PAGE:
Collision at the Intersection of Workers’ Compensation and Personal Injury in Minnesota
In Minnesota, an employee’s exclusive remedy against an employer for a personal injury is the Workers’ Compensation Act. However, this does not preclude an employee from bringing a personal injury action against a third-party tortfeasor. The most common example of this circumstance is a motor vehicle accident in which an injured driver was working, and the other driver was at fault. The driver that was working has sustained a work-related injury. That driver has also sustained a personal injury that was the fault of someone other than the employer, resulting in a potential third-party negligence action.
If a person sustains a bodily injury that is the fault of another, the injured person may bring an action to recover damages. As is common to other states, those damages may include lost wages, medical expenses, and pain and suffering, among other things. Whether as a result of trial or settlement, the action will result in one award representing damages incurred in the past as well as damages that are anticipated to occur in the future.
Workers’ Compensation Claim
Similarly, a person that sustains a work-related injury may bring an action to recover workers’ compensation benefits. Those benefits may include lost wages, medical expenses, rehabilitation expenses, permanent partial disability, attorney fees, litigation costs, and penalties. Insurers commonly pay these benefits voluntarily. When disputed, the benefits may be recovered at a hearing or through settlement. While future benefits may be recovered through settlement, a hearing will only result in payment of past benefits. Injured employees sometimes will participate in multiple hearings over the course of many years, recovering only past benefits at each hearing. In Minnesota, as in many other States, there is a fee shifting statute that requires employers/insurers to pay some (or sometimes all) of the fees for the injured worker’s attorney.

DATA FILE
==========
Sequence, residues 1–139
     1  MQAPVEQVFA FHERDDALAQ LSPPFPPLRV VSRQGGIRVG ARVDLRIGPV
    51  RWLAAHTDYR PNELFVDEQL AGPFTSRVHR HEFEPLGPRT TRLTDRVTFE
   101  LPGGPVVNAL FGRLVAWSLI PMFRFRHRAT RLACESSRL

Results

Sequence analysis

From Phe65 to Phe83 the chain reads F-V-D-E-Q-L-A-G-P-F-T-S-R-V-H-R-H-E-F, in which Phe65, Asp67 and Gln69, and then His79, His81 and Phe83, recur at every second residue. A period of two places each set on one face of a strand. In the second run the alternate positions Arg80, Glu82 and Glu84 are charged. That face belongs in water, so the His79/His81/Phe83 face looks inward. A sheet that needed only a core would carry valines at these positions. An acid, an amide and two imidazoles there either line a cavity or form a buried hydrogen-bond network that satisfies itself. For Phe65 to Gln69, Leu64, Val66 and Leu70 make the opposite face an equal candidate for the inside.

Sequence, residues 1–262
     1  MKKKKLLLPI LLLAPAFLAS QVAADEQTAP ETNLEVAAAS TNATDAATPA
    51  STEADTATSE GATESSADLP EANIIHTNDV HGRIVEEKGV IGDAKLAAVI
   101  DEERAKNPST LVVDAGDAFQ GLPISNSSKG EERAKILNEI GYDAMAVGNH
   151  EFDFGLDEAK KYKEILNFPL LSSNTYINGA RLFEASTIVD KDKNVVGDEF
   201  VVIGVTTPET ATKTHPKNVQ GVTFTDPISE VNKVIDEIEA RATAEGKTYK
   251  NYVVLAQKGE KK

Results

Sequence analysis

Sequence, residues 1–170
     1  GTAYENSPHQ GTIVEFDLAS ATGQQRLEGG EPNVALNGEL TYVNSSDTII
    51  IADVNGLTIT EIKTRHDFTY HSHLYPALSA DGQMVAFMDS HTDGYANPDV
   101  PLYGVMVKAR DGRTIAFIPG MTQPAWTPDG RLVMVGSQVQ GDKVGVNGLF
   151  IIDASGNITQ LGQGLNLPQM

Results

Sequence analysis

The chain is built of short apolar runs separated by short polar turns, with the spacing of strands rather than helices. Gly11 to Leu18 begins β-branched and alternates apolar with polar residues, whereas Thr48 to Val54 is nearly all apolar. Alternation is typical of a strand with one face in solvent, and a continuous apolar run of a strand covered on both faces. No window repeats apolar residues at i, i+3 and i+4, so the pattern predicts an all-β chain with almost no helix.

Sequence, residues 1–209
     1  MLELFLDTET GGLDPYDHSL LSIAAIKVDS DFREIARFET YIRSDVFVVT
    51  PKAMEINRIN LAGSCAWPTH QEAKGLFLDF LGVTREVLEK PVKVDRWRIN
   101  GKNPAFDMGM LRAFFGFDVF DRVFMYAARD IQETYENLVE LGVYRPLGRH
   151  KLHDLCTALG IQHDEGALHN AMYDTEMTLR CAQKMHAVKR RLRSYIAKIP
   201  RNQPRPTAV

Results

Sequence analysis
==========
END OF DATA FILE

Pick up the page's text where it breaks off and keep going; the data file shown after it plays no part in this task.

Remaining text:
The Employer’s Right to Recover Workers’ Compensation Payments - Subrogation
You may have noticed that some of the workers’ compensation benefits are the same as damages that may be recovered in a bodily injury action. Does that mean that a worker that was injured by the fault of a third party can recover twice for the same loss? No, not really. The employer that paid workers’ compensation benefits has a right of subrogation, meaning that the employer can seek repayment for the benefits that it paid from the third-party tortfeasor.
Settlement of a Workers’ Compensation Claim
If the employer and injured worker agree to it, the employer’s subrogation interest may be waived as part of a settlement of the workers’ compensation claim. This type of agreement allows the injured worker to recover damages in the personal injury action without any deduction for the subrogation interest. Of note, insurance companies usually have one department handling the workers’ compensation claim, and a separate department handling the subrogation claim. For that reason, an injured worker will be more likely to obtain waiver of the subrogation interest if he or she requests it well in advance of any settlement negotiations.
Settlement of a Personal Injury Action
If the defendant and injured worker agree to it, they may resolve the action except for the employer’s subrogation interest. After what is commonly referred to as a Naig settlement, the employer retains its right to pursue its subrogation claim against the defendant. The defendant, the Employer, and the injured worker may also settle the personal injury action in its entirety. The injured worker would reimburse the employer the agreed upon amount out of the proceeds of the settlement. If the injured worker and the employer are unable to agree, the injured worker can seek a judicial determination as to the portion of the settlement that must be reimbursed to the employer (a “Henning distribution”).
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